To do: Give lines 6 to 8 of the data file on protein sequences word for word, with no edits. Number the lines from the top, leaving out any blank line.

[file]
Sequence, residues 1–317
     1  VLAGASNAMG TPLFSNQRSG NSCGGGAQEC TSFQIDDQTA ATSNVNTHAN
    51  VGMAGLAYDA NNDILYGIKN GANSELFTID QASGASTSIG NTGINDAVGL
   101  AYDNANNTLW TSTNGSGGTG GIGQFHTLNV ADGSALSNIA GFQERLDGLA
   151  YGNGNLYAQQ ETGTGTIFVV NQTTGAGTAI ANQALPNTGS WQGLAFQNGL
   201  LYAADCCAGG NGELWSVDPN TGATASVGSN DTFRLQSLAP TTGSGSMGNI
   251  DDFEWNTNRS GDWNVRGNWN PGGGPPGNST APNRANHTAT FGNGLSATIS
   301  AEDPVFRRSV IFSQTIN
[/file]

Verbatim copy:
   201  LYAADCCAGG NGELWSVDPN TGATASVGSN DTFRLQSLAP TTGSGSMGNI
   251  DDFEWNTNRS GDWNVRGNWN PGGGPPGNST APNRANHTAT FGNGLSATIS
   301  AEDPVFRRSV IFSQTIN